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Course Project & Proposal:
There are options for your course project. Any project chosen must be preceded by a brief (and approved) project proposal, clearly and concisely explaining (1) what you plan to do in terms of option and subject matter, (2) how it relates to American government/politics, and (3) why you are choosing to do that particular project. If you need to substantially change your project, you must submit a new project proposal.

If you engage in a group project, each student’s contribution should exceed the minimum requirements for a single project and each student should delineate their specific contributions to the group project.

Project proposals (typed) are due during the fifth week of the course (see course schedule). If you decide, for any reason at any time, to switch projects, you need to submit a new project proposal and get it approved.

The course project is worth approximately 1/4 (25%) of the course grade.

    Option 1: Community Service Learning Project
Community Service Learning. This is the preferred option for this course. Students may engage in a minimum of two hours per week this semester for a minimum of ten weeks toward a community service learning project (also known as experiential learning or community-based learning) related to American government/politics of the student’s choosing (10 weeks x 2 hours/week = 20 hours/semester).

You can join or start a group, do individual work, and/or work with others in or out of the class, engaging in political service, political advocacy, and/or political action, doing one or more activities with one or more groups of your choosing throughout this semester.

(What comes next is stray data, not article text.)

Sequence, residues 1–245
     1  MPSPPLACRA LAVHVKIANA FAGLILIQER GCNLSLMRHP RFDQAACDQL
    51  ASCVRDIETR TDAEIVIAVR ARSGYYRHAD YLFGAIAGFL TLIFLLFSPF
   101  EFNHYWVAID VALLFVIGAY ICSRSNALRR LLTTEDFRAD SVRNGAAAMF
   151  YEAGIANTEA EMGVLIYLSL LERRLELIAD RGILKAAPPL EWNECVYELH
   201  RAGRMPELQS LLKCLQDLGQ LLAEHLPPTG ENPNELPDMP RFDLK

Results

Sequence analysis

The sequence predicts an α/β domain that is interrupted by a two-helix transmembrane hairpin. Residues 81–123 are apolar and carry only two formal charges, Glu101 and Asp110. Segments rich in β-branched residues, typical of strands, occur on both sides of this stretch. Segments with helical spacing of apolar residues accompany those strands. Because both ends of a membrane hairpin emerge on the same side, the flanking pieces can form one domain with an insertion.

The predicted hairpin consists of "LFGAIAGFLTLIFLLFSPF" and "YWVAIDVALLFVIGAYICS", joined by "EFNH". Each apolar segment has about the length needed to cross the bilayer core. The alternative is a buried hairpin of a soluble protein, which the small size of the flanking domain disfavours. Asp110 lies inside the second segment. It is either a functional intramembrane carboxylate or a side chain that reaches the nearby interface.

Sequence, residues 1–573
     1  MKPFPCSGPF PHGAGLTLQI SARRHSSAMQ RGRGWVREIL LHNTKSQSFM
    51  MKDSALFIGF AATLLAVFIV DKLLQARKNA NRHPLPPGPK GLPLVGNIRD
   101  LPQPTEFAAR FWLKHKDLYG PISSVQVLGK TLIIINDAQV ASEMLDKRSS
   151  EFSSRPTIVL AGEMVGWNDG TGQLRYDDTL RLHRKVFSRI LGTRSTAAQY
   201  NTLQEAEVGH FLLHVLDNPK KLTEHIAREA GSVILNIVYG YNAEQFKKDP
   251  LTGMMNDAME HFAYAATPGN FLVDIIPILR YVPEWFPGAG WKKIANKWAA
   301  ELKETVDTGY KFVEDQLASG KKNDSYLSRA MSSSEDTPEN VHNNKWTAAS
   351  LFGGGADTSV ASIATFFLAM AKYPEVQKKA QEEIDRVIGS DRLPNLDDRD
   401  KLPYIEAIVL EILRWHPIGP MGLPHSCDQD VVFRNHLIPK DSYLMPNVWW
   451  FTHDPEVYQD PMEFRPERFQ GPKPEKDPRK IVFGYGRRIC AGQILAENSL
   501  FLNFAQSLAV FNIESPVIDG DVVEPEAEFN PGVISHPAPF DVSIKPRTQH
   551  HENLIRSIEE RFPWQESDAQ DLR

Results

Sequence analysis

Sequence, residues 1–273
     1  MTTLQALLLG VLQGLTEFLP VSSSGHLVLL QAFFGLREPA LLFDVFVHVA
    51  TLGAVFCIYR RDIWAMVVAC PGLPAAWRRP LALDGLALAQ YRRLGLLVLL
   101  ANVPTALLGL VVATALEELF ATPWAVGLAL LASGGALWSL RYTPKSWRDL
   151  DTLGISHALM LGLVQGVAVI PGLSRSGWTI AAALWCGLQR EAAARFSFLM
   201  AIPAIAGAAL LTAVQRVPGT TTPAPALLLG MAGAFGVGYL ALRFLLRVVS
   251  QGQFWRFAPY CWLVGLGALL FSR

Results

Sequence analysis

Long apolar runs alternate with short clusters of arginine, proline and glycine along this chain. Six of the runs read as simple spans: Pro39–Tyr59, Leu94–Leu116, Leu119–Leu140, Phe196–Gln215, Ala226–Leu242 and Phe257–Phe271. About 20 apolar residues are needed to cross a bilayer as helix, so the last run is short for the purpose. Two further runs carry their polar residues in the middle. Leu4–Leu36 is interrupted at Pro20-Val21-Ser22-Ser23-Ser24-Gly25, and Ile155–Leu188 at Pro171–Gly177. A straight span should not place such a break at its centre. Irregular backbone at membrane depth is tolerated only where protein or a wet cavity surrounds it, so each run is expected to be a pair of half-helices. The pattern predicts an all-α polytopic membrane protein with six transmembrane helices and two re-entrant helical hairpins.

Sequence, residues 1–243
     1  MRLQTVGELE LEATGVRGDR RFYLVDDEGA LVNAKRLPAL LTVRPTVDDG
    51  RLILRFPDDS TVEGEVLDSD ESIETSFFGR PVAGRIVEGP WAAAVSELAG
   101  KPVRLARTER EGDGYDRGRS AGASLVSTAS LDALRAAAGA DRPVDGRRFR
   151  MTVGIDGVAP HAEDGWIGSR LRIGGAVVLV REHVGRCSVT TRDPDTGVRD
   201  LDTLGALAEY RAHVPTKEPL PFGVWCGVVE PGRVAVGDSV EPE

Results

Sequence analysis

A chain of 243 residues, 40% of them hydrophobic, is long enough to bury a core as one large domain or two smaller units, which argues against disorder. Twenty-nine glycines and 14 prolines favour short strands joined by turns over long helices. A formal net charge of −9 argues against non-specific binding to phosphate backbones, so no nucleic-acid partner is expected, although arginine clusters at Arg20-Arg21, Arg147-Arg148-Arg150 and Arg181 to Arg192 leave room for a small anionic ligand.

Students will maintain and submit a typed journal of their experiences, very briefly listing date, time, location, and activity, as well as discussing the political significance and your personal reflections about your political experiences. There should also be a final cumulative reflection on your project, summarizing your experience, for a total of 11 journal entries/reflections. These projects should rarely, if ever, conflict with class time.

Each week’s entry should be numbered and contain a minimum of 350 words typed with a word count on top (like the reflection papers).

For lots of ideas, check www.bapd.org with its list of about 1200 (mostly) local organizations; also check www.communitythriftsf.org/charity-roster, www.hoba.org, volunteermatch.org. www.onebrick.org, and www.care2.com/volunteer.

Journals are due Week 16. You first need to submit a brief typed proposal and get it approved (see above).

    Option 2: Academic Research Paper
Research. An original academic research paper on a relevant topic of your choosing (within certain constraints and after consultation with the instructor) may constitute the final project. This will give students the opportunity to explore in depth a facet of the subject matter that fits with their personal interests. Be sure to explain, not just assert, how the chosen topic illustrates something about American politics. Research papers are due earliest of the projects during Wk 14.

The text of the paper must be a minimum of 3000 words of text (not including cover page, abstract, references, and annotations) (with a word count on the cover page, typewritten, numbered, double-spaced, 1-inch margins, Times New Roman 12-point font or equivalent, and, preferably, double-sided pages), utilizing a minimum of ten outside sources (at least 5 books and at least 5 articles), in addition to citing at least one required reading from this course for a minimum total of 11 sources. Each of the 11 minimum sources must be annotated with a brief single-spaced summary of that source; additional sources can be annotated, but they do not have to be. There should also be an abstract, or one-paragraph author’s summary, of the paper at the beginning of the paper. Those are acceptable minimums (with a maximum word count of 4000 words of text), however more might be useful, while less will be penalized. Do not number any pages, such as a cover page, that precede the paper (the first page of your paper is page 1).